The Space Shuttle Atlantis carried the first of the Spacelab missions devoted to the study of the atmosphere. Onboard was the Atmospheric Laboratory for Applications and Science (ATLAS 1), a collection of 13 instruments designed to conduct 14 investigations in atmospheric science, solar science, space plasma physics and astronomy for scientists from the United States, Belgium, France, Germany, Japan, Switzerland and the Netherlands. From a 300-kilometer-high orbit, inclined 57 degrees with respect to the Earth's equator, the ATLAS 1 payload was in an advantageous position to observe the atmosphere, the Sun, and astronomical targets.

The crew of seven maneuvered the spacecraft and continuously controlled and monitored the experiments in consultation with investigators and planners on the ground.

Instruments and Purposes

During the 8-day mission, the instruments measured the total energy contained in sunlight and how that energy varies, measured the chemical composition of the Earth's upper atmosphere, investigated how the Earth's electric and magnetic fields and the atmosphere influence one another, and examined sources of ultraviolet light in the universe. Nine major instruments are listed below. They are grouped by main purpose. In the next section, these instruments are discussed in more detail.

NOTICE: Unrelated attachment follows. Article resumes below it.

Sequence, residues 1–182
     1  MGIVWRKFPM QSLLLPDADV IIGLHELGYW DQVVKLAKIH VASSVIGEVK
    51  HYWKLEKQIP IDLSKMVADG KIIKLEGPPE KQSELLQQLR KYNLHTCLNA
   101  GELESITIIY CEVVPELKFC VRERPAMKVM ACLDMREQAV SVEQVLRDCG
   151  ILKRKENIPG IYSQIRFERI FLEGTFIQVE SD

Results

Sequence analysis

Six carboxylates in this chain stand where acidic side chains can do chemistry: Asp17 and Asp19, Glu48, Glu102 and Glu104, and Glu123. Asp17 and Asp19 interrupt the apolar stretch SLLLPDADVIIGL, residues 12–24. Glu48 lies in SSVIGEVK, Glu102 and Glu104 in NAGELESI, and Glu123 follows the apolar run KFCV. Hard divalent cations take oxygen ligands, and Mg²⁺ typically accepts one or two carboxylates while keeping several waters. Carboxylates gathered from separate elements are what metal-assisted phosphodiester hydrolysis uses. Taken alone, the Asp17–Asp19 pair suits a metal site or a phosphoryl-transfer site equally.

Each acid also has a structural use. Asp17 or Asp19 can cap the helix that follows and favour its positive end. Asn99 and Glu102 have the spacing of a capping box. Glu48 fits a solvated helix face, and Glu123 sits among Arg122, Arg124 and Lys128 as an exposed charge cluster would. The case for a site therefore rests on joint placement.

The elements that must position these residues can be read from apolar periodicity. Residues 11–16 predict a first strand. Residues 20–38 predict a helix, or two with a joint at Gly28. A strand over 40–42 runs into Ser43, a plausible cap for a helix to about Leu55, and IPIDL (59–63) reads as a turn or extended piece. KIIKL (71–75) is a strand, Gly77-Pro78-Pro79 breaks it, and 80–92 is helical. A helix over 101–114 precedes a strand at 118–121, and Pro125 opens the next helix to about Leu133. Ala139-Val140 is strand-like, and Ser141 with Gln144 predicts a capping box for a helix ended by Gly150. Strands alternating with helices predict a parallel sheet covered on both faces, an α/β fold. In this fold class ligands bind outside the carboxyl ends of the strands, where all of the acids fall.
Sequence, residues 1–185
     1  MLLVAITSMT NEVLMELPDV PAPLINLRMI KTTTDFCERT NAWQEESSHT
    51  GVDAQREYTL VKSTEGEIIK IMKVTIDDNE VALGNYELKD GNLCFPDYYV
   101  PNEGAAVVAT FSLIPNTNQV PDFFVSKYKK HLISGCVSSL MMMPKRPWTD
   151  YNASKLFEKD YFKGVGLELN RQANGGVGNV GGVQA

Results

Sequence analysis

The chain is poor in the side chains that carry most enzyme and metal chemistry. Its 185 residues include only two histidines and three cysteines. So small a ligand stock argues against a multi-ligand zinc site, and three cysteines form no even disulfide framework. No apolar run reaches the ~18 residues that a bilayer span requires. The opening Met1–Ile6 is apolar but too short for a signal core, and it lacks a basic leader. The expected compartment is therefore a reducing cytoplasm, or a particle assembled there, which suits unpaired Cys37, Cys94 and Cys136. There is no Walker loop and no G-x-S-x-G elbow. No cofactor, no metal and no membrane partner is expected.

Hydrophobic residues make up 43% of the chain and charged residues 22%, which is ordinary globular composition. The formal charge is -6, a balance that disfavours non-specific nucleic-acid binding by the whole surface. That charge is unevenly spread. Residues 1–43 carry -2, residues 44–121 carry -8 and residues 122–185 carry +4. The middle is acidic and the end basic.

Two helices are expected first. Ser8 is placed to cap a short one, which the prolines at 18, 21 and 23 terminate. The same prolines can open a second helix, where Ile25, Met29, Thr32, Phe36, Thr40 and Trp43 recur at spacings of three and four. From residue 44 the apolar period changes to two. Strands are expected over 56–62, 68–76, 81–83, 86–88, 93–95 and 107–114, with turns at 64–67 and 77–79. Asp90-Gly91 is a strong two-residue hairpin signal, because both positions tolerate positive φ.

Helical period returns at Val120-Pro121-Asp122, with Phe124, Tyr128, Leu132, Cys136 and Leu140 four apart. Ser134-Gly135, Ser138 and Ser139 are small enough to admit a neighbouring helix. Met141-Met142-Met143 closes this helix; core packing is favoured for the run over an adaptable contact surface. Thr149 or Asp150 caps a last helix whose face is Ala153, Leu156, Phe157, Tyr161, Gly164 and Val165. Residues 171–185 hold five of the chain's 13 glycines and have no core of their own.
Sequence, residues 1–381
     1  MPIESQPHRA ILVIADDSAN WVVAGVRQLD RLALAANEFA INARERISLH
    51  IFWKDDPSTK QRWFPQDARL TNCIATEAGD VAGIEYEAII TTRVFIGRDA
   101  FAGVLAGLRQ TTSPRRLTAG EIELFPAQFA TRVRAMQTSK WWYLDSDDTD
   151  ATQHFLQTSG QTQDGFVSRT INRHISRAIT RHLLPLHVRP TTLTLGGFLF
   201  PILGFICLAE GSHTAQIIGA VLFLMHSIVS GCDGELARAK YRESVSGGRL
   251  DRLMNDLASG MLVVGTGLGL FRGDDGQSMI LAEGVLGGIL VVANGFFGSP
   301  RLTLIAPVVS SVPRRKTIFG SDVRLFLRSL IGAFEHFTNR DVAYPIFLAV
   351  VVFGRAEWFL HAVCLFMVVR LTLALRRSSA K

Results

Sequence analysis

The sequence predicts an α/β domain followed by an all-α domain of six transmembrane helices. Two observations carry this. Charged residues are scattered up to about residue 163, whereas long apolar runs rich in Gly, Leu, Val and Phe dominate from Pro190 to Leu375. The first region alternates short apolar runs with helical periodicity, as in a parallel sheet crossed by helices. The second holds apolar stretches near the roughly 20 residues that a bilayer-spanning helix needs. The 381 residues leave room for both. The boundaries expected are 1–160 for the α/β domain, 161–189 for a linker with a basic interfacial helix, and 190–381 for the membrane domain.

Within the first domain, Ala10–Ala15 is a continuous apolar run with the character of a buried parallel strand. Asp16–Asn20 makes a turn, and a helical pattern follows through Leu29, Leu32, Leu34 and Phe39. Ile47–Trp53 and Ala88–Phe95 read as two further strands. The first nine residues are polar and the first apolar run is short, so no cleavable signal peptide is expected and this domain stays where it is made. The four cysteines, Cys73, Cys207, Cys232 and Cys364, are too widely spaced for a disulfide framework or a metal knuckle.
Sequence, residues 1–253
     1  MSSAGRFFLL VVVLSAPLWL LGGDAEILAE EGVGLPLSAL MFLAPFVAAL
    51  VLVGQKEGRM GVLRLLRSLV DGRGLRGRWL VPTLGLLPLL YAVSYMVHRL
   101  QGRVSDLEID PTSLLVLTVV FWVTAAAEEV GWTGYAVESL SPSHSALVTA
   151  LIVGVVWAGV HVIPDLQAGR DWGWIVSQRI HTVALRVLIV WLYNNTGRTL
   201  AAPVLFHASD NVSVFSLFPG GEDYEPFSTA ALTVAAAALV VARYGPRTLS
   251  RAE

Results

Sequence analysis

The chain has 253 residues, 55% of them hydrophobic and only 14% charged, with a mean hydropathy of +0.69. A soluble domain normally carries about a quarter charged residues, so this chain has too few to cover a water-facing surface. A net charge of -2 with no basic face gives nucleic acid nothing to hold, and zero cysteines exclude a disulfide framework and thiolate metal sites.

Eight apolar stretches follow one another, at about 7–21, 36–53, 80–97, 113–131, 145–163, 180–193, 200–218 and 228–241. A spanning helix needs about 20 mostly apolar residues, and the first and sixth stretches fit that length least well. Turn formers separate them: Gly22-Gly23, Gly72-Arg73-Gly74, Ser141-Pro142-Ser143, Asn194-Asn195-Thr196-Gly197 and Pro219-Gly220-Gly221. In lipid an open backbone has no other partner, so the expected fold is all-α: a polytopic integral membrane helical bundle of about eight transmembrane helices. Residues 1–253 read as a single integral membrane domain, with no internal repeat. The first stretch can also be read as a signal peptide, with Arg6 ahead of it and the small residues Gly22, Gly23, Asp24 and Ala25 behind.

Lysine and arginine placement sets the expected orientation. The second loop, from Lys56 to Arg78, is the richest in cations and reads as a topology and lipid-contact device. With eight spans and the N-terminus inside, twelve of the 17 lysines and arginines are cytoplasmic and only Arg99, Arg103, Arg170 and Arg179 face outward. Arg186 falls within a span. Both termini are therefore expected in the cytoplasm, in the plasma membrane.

Gases and aerosols:
Atmospheric Trace Spectroscopy instrument (ATMOS)
GRILLE Spectrometer
Solar Backscatter Ultraviolet instrument (SSBUV-A)

Solar radiation and atmospheric effects:
Solar Ultraviolet Irradiance Monitor (SUSIM)
Active Cavity Radiometer (ACR)
Measurement of Solar Constant instrument (SOLCON)
Millimeter Wave Atmospheric Sounder (MAS)


Space Experiments with Particle Accelerators (SEPAC)

Far Ultraviolet Space Telescope (FAUST)

Mission Results  contents

The Atmospheric Trace Spectroscopy instrument surveyed atmospheric trace molecules by measuring the effects they have on infrared radiation. Similar measurements were also taken by the GRILLE Spectrometer. The data from these two instruments revealed aerosol bands in the atmosphere that were probably remnants of the Mt. Pinatubo volcanic eruption in the Philippines.

The Shuttle Solar Backscatter Ultraviolet (SSBUV-A) instrument has flown previously on three shuttle missions. The SSBUV-A is similar to instruments on Nimbus and TIROS (televisor infrared satellite) satellites that measure ozone concentrations at various levels in the atmosphere. In time, data readings from these satellites fluctuate, making the accuracy of the readings suspect. Measurements taken by the SSBUV-A are being compared to those from the satellites to reestablish satellite instrument accuracy and to validate previously transmitted data.